The best way to prevent meetings from taking too long is to enter them with a clear agenda. Know what you want to share with your client or prospect, but also include in the agenda time for the client to bring up their own questions and concerns. Success in sales requires active listening and understanding the customer’s needs and wants. Plan a few minutes of pleasantries and small talk at the beginning of the meeting to further develop a personal connection and establish common ground. Having an agenda and a key objective for the meeting will help everyone stay on track.
Even with an agenda, however, the conversation might veer off topic or the client may bring up a concern that would take much more time than available to hash out. Have your calendar handy so that you can schedule another meeting to discuss their concerns. Let the client know that you want to give their concerns sufficient time to fully address them and suggest a follow-up meeting. Everyone wins!
Another key to having a smooth day is to be organized. Have a clear plan for your day – where are you going and when? Make sure to consider the issues above. Having an itinerary will help you stay on track.
Take the time to prepare your work bag the day before so that you have all the necessary materials on your multi-meeting day. I suggest putting them into color-coded folders to ensure that you always pull out the relevant information. Having a different color for each of the day’s clients will also help signal that the client in front of you is your only concern at that moment. Showing them other clients’ paperwork will make you appear unfocused and disorganized. Never underestimate the power of the rainbow.
Long days of running to and from meetings can make you feel like there’s no time for anything else – especially not something as frivolous as food! Don’t fall into this trap. You need fuel to stay focused, energized, and confident during your day. Make sure you schedule in meals and snacks!
If you’re trying to squeeze as many meetings into a day as possible, try scheduling a meeting over lunch. Take the prospect or client out to a restaurant so you can talk over a delicious meal. This way you’ll take the necessary act of eating and turn into an opportunity to build your relationship with a client. Getting to know your customer better and learning about their values and passions goes a long way to a life-long connection. Win-win!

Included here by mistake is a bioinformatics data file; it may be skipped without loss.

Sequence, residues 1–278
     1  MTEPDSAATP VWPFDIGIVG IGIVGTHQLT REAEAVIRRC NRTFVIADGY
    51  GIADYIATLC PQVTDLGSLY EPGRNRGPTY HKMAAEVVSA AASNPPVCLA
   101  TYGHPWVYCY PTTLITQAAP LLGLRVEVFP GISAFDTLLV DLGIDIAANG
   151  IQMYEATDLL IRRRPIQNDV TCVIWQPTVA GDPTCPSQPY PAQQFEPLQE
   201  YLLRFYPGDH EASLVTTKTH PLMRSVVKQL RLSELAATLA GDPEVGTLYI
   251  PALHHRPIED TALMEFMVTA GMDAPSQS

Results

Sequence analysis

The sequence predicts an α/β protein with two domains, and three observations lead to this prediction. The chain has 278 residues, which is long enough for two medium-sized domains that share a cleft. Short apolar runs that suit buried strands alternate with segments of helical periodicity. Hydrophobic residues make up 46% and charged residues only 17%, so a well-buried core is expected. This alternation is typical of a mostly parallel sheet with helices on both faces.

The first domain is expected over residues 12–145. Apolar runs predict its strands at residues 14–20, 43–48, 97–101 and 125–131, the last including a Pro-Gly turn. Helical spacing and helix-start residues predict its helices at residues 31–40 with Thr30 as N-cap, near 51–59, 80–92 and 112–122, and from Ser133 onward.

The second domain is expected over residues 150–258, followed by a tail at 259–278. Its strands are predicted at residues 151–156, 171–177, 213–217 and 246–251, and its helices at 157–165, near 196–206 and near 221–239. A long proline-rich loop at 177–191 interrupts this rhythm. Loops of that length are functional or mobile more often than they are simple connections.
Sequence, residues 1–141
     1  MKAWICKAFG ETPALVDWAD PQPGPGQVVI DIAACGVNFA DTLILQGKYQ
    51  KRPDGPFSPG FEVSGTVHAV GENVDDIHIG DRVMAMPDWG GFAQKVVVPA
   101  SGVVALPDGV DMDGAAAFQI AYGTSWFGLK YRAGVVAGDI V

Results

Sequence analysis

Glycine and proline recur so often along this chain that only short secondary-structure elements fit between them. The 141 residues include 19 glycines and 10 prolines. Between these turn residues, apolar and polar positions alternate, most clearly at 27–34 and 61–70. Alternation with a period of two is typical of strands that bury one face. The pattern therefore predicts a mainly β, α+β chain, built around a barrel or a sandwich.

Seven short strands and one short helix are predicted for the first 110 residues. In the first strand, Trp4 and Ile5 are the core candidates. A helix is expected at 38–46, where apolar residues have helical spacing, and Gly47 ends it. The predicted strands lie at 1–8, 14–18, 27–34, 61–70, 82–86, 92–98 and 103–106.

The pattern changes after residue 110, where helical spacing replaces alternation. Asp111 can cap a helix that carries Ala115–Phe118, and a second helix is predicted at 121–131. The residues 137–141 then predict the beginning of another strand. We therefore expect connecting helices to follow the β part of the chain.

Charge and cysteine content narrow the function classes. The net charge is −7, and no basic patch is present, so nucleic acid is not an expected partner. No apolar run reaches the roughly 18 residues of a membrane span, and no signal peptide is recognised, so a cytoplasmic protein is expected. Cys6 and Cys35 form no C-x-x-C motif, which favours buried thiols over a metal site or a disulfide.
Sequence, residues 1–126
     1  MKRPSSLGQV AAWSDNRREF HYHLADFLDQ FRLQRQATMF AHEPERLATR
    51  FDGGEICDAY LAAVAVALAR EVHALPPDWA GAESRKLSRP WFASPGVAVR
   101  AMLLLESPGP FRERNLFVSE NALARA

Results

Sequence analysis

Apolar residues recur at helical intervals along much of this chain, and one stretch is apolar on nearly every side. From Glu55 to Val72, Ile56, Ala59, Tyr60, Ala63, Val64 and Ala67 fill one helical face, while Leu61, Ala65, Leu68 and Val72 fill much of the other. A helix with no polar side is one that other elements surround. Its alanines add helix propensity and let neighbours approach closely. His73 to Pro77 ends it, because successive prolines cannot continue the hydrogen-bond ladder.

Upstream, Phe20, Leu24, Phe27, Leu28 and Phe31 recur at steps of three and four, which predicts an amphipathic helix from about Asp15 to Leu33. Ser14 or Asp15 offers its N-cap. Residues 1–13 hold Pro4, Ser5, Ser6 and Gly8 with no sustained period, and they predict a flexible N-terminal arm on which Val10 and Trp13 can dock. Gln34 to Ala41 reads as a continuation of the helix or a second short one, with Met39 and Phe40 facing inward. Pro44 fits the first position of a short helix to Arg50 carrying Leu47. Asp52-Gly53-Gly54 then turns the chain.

If you can’t take a client out for a meal, perhaps you can bring snacks to a meeting. Again, this way you can maximize your productivity and give your client a treat.
Of course, time between appointments can be spent grabbing a bite to eat, but don’t underestimate the power of food to build a strong relationship with your clients and prospects.
Of course, many things are outside of your control. Mapping the best route for your day only works if your clients and prospects are available at times that are conducive to that plan. Often times, you will have to go from downtown to the fashion district and back to downtown because clients weren’t available at more convenient times. Be flexible! Remember, you want to be obliging to your clients. Bus and train schedules can be similarly restrictive. Again, adjust to the reality. What’s important is that you plan ahead.
With a little gumption and preparation, you’ll be able to minimize the stress of a multi-meeting day. By following these tips, you will also show clients that you are organized, thoughtful, and respectful. Take a page from Scar’s book and be prepared.
Petite2Queen provides virtual mentoring to young women in life, at work, and in sales. Follow us for more practical advice you can put to use to improve your life and career.
Rachel Whitbeck is the Director of Content at Petite2Queen. She is working towards her PhD in Sociology at the University of Limerick in Ireland. Rachel uses her experience in writing, editing, and research to develop content that appeals to and is reflective of the diverse millennial woman.